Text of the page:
Sennheiser HandMic Digital – Dependable Dynamic for iOS
By Jason Allen.
Latest in a string of Sennheiser products for recording-on-the-go, the HandMic Digital offers a hand-held dynamic cardioid for those who want to record directly to their iOS devices. It joins the lavalier versions ClipMic Digital and MKE 2 Digital, and all models leverage Apogee A/D conversion and processing.
Out of the box, you know you’re holding a real microphone, not some flimsy iOS accessory. The HandMic Digital has all of the weight and seriousness of a standard analogue dynamic, and feels just as trustworthy as an SM58. There’s a clip, case, and very solid desktop stand provided, too.
Connection to iOS is via the provided two metre microUSB-to-Lightning cable, or microUSB-to-USB. The microUSB connects to the base of the mic, and a sturdy plastic connector then bolts into the bottom of the mic, keeping everything plugged in. It does its job so effectively that its quite hard to remove when you’re done.
The mic is compatible with any app that runs on Core Audio. I installed both the Apogee Maestro control app and Apogee MetaRecorder to test the mic. Maestro lets you set input gain and turn processing on and off. Processing options include the Rumble Reducer (high-pass filter), Hiss Reducer (lo-pass filter) and Overload Eliminator. The Rumble and Hiss Reducers are quite dramatic on a cardioid dynamic, and I’d only employ them in quite extreme environments. The Overload Eliminator works exceptionally well, and I’d definitely leave it activated as it could save the day on that interview you only get one shot at.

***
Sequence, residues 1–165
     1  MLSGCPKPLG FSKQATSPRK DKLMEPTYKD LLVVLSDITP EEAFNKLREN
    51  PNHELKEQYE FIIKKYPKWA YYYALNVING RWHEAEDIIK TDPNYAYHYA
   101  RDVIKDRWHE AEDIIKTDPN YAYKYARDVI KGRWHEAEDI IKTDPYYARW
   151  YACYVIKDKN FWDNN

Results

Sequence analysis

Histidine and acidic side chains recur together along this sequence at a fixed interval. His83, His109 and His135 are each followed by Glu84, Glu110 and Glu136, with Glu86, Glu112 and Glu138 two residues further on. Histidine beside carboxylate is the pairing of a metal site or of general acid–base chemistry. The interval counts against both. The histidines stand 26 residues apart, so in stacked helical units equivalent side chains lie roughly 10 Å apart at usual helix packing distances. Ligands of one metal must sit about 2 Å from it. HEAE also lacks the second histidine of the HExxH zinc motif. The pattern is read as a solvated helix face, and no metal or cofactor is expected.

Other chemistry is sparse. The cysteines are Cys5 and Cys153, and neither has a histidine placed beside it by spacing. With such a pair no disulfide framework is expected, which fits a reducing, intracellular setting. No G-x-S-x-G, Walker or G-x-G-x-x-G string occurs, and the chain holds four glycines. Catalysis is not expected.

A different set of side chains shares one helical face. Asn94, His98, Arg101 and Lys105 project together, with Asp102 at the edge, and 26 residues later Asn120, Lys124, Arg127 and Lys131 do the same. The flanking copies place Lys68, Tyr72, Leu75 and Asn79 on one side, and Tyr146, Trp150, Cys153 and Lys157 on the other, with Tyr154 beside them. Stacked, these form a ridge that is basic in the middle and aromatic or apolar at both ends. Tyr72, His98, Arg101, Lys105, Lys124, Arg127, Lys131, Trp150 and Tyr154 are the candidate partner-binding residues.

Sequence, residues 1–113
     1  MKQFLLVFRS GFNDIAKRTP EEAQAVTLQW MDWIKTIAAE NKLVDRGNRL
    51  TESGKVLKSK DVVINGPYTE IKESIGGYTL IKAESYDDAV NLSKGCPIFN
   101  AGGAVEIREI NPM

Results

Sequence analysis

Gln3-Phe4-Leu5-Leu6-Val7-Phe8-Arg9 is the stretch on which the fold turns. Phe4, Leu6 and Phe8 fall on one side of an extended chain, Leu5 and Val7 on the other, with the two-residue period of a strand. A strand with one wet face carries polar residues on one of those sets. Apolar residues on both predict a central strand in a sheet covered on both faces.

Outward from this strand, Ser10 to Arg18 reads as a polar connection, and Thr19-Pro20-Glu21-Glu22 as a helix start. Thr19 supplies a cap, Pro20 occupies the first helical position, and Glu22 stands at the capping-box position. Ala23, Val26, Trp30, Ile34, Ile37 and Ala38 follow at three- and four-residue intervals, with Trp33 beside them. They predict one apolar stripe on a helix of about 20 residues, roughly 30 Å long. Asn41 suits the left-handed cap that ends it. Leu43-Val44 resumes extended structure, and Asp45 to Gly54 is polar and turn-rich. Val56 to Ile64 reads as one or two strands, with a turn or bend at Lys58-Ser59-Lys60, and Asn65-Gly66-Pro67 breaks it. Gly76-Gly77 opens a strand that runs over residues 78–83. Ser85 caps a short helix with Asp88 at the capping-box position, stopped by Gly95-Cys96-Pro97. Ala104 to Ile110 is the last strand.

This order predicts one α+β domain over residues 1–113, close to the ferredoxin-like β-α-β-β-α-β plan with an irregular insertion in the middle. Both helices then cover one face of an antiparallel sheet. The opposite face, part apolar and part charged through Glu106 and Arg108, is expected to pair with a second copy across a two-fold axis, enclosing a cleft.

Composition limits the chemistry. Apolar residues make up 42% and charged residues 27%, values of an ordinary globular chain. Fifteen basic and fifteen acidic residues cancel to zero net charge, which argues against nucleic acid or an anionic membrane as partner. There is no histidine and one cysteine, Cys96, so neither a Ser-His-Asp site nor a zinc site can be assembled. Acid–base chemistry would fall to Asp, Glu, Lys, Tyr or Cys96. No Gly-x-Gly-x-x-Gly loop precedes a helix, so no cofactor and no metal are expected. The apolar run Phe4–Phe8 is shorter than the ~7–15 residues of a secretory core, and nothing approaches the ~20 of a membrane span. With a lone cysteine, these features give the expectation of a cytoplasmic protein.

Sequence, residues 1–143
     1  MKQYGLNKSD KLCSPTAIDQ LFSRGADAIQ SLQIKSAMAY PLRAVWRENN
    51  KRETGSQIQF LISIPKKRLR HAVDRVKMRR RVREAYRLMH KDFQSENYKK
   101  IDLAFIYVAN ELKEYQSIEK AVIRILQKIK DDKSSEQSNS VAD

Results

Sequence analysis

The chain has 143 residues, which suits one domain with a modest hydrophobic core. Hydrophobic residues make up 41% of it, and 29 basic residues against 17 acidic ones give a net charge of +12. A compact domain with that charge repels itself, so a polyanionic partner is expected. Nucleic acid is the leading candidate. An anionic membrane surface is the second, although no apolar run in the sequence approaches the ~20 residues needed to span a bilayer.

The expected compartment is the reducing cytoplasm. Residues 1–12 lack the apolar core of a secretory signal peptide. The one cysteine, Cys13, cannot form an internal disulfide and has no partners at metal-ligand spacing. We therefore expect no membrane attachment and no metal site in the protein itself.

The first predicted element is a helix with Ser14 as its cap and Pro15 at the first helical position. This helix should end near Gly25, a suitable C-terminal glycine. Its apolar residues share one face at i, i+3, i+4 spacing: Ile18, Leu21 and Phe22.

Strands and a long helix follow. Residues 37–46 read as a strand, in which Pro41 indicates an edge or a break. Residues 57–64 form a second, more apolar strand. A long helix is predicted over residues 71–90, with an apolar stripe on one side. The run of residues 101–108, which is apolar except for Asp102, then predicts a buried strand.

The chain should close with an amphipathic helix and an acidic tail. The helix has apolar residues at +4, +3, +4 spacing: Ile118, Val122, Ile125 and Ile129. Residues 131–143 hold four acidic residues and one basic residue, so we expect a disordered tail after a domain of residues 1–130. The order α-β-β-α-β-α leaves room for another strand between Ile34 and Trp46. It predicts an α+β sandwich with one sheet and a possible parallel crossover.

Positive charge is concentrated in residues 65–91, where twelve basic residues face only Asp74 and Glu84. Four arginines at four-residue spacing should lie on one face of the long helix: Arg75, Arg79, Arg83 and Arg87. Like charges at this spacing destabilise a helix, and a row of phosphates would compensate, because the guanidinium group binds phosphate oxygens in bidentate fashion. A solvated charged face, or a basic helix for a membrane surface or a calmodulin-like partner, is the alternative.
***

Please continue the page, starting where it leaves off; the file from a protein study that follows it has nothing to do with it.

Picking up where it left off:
Input monitoring is available on MetaRecorder, and introduces a very slight, but perceptible latency, though not enough to be distracting. Of course, latency will vary according to hardware, app, and settings. The mic and MetaRecorder can be set to record at 16 or 24 bit at 44.1, 48, 88.2 or 96 kHz.
The HandMic Digital is sonically excellent – it’s actually the Sennheiser e835 capsule on the inside. If you’ve not used an e835, to my ear, its unprocessed sound sits between a Shure SM58 and a Beta58, with very strong rejection outside of its polar pattern. This makes the HandMic Digital a great mic for shooting video in noisy locations, or outside in the wind. For reporters doing pieces to camera (phone) on the go, it’s ideal.
Like any cardioid dynamic, the person using it is going to need to use it with decent mic technique, as the response falls off exactly as it should. If the person you intend to mic can’t keep it in the right zone, you’ll be better off with an omni. But, in the right hands, the HandMic Digital produces an extremely polished result.
This article first appeared in the print edition of CX Magazine November 2017, p.58.
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